Last Updated on October 13, 2022
Allen Tate President/CEO Pat Riley reflects on a memorable year for real estate
It’s no secret that 2020 has been a year like no other. Life, as we know it, was disrupted, to say the least, by a global pandemic, economic fluctuations, racial tensions and one of the most unprecedented Presidential election seasons ever.
But for the real estate market, no one could have predicted the dramatic swings that have taken place.
“From a deep dip in the spring, to a summer season that was off the charts, to a fall that is showing no signs of slowing down, 2020 has been a wild ride,” said Allen Tate Companies President and CEO Pat Riley in the October edition of Carolinas Market Update.
After a 50 percent decline in business in March, April and May, real estate began a rapid recovery in June and July. Riley attributes the rebound to historically low interest rates, pent-up demand from the spring marketplace and fatigue from people being largely house-bound because of COVID-19.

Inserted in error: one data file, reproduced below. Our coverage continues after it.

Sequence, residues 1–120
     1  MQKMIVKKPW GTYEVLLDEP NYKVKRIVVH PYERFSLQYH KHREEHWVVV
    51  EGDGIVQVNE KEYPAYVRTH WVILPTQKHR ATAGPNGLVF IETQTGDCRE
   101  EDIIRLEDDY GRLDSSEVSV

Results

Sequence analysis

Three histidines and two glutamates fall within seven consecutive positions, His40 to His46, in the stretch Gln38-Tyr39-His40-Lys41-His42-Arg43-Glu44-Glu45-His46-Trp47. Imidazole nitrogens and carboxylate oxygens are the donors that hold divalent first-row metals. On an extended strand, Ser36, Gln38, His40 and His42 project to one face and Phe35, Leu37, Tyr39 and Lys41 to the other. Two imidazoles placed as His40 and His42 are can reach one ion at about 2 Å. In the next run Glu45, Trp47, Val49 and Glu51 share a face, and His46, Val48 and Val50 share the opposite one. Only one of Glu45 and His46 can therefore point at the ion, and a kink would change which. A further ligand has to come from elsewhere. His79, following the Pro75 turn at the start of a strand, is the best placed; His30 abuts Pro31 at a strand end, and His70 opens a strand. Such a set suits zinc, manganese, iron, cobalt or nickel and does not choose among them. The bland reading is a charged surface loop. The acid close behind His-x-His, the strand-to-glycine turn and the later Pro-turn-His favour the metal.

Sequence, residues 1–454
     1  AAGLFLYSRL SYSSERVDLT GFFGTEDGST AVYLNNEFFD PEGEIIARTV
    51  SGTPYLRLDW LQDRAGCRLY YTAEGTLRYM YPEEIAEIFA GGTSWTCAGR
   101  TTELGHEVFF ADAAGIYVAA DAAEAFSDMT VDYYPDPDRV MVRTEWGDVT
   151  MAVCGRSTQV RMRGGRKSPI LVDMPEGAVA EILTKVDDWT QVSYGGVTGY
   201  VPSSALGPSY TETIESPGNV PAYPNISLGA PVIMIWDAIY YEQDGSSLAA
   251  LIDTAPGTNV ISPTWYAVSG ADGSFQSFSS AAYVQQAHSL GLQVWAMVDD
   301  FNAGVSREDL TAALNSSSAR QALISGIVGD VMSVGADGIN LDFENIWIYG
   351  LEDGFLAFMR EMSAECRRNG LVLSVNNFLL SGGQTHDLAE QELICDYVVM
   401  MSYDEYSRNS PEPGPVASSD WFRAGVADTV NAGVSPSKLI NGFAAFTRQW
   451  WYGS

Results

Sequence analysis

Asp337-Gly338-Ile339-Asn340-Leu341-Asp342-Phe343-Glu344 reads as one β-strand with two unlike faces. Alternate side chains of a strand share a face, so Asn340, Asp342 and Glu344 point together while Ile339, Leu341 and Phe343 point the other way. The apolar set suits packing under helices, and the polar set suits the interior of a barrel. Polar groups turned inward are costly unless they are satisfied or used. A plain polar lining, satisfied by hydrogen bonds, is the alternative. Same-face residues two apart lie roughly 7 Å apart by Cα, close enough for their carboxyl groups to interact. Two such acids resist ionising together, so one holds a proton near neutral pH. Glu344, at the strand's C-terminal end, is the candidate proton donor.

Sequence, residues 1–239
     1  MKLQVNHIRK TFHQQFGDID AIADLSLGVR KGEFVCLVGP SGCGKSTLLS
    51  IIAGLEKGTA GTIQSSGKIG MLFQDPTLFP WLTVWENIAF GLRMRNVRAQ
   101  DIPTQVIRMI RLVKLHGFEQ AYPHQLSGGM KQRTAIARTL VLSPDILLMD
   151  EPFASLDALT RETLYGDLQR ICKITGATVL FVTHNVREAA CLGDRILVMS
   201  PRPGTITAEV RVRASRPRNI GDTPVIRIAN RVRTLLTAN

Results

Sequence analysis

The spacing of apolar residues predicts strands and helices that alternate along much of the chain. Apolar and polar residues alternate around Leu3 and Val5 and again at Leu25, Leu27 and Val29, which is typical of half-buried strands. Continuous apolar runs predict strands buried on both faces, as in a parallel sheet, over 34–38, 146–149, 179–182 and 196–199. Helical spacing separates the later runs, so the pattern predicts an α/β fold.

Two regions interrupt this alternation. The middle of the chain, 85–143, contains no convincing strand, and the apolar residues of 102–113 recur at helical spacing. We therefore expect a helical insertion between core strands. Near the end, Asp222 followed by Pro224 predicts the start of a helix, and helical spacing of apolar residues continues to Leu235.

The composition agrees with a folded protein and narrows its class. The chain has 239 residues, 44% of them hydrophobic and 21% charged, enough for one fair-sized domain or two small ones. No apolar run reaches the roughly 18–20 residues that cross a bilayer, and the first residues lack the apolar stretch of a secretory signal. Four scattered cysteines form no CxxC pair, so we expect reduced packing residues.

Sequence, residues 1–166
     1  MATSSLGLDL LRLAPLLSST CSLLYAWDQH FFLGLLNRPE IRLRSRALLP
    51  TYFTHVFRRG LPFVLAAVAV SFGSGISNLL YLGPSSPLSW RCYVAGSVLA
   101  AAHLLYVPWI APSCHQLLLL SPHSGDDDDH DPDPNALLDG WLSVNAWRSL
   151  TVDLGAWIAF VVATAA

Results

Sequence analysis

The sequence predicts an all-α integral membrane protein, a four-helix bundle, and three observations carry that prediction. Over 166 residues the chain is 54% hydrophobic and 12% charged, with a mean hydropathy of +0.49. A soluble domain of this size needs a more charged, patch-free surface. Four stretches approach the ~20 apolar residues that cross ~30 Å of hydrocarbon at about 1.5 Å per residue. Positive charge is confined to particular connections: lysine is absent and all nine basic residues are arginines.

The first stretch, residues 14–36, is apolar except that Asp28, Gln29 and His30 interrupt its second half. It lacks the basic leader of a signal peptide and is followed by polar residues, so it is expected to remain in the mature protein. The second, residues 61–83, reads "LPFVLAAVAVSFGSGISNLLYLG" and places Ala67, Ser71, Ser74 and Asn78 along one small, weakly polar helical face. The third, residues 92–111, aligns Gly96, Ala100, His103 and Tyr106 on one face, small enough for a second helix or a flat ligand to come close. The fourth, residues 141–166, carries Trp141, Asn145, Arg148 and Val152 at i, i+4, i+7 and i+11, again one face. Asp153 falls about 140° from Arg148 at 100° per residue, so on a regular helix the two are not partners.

And while the Carolinas have historically benefitted from in-migration, it has been bolstered by COVID-19 as buyers are looking to move to other areas or more rural suburbs, Riley said.
A lack of housing supply has allowed sellers to benefit from quick sales and steady appreciation, while low interest rates have incentivized buyers to make a move. The Carolinas are also blessed with secondary housing markets at the beach and mountains, which have remained lucrative investments as buyers are looking for both strong investments and vacation or retirement properties.
“As we move toward the end of 2020 and look forward to 2021, we’ll continue to do what it takes to meet and exceed the needs of our clients in this new normal,” said Riley.
Carolinas Market Update is targeted to consumers in the Charlotte, Triad, Research Triangle, High Country, and Upstate S.C. regions. It is produced every other month by the Allen Tate Companies and features information, statistics, trends, and predictions about the real estate market in North and South Carolina.